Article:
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Storage business goes solar
It's a lot less painful for Mike Perry to watch the electric meter go around these days for his business, AA Val-U-Stor.
He recently installed a 56 KV DC (kilovolt, direct current) photo voltaic solar system on two buildings, making it one of the 10 largest solar systems installed on a commercial property in the state.
In one week since the system went online Sept. 5, the system has generated a total of more than 1,500 kilowatts of power from the sun.
"We're using out of it right now," he said Friday during a special presentation on the system. That's not enough to totally run the business this summer, but by winter he figures he'll be generating more than he will use, with the excess going to the Arizona Public Service Co. power grid and his meter will be running backwards.
"Over a year's time," he said, "I hope my use and generation will balance out."
Even better, with an APS rebate of $140,000, federal tax credit of $120,000, state tax credit of $25,000 and the savings on his power bills, Perry figures he will have paid off the $400,000 cost of the system in 4-1/2 years - even less if APS is granted the rate increase it has applied for.
"I expect to save about $14,000 a year on energy costs," he said. "I'll be able to pass the savings on to customers."
Even better, he likes that he's using power efficiently and doing something beneficial for the Earth by drawing on a renewable, sustainable and clean source of power.
"I've always liked power," said Perry, who worked with nuclear and geothermal power both in the military and as a civilian. And he feels passionately about using power efficiently.
Solar isn't a new concept, having been developed by Albert Einstein in the 1930s, Perry said. "But if it weren't for the APS rebates and tax credits, I wouldn't have been able to do this."
This is a great time to get involved in solar, said Dan Hoskin, vice president of United Sustainable Energy, which made the system Perry installed. "God bless anyone who wants to take care of the planet and help get us off our dependence on foreign oil."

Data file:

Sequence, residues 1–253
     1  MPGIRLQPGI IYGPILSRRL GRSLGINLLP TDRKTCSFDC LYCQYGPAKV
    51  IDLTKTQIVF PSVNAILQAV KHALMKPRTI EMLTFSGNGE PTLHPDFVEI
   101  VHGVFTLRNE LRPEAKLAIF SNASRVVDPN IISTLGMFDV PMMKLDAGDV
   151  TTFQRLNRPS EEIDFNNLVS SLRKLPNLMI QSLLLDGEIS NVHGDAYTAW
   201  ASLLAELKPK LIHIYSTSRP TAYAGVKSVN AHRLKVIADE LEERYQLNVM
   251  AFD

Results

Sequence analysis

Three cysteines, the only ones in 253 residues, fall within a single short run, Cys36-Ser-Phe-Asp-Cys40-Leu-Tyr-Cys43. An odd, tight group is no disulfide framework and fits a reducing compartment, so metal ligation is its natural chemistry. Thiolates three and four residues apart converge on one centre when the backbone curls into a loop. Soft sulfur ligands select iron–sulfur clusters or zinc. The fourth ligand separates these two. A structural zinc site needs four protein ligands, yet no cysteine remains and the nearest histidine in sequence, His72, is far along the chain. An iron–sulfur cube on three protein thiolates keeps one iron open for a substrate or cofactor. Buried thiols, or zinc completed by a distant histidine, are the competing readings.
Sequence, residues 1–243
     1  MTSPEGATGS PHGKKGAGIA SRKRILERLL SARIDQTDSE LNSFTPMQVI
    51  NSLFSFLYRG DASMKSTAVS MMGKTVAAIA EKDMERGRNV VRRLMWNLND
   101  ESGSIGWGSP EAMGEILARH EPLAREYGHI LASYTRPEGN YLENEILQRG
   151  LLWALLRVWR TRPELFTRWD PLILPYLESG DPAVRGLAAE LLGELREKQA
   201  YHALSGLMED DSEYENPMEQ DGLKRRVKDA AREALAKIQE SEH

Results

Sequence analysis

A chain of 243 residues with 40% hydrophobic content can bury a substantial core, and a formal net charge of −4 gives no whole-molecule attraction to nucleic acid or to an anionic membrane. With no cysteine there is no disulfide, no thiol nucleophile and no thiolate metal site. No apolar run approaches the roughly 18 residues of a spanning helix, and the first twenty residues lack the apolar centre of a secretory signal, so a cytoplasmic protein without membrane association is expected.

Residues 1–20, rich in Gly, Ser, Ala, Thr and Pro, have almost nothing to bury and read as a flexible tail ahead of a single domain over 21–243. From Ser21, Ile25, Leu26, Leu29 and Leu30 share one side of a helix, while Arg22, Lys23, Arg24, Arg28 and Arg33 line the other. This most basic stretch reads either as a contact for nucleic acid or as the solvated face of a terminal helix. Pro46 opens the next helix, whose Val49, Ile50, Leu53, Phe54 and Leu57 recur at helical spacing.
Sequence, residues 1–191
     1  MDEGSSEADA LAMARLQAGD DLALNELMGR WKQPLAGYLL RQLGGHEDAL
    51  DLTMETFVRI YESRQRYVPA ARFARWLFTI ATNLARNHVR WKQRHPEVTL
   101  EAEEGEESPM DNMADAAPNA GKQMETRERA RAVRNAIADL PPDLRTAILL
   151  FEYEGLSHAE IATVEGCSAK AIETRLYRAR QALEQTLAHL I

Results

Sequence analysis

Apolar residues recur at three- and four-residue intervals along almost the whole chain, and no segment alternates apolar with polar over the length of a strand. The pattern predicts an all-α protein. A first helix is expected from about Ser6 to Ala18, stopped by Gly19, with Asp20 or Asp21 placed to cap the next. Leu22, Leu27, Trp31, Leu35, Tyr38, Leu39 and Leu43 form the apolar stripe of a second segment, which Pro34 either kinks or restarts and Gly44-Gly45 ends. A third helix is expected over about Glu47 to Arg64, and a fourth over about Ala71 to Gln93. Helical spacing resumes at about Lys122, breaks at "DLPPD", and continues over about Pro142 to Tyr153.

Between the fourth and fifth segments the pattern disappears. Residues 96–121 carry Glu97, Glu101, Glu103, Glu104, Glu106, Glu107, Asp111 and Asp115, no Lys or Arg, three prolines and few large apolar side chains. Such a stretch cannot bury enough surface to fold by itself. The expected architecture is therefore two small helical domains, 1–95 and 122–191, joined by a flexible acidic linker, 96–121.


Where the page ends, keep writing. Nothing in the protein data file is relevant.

In one hour of sunshine, there is enough radiation to provide all the energy needs for everything in the world, said Ken Sobel, president and CEO of United Sustainable Energy. "If we captured all that power, it would be enormous. You will never find a more perfect power source."
And Yuma is well suited for solar power for both businesses and homes, he said. "You have lots of sunshine, high electric bills and a lot of new development."
Sobel said that Perry's solar system will eliminate 45,000 tons of CO2 a year from other power sources. Over its lifetime, that will be equal to CO2 emissions from 2,000 cars driving from Yuma to New York City and back.
He noted that Europe is way ahead of the United States in the use of solar power. Germany - "where they have about as much sun as New Jersey, certainly a whole lot less than Yuma" - has become almost energy self-sufficient in the last 10 years.
This nation's reliance on foreign oil won't be resolved overnight, Sobel said. "But when the sun is out and Mike's (electric) meter is running backwards, that means he not only is doing something for his business, he is providing energy for his neighbors and the community, reducing the use of a nonrenewable resource and reducing pollution."
Joyce Lobeck can be reached at email@example.com or 539-6853.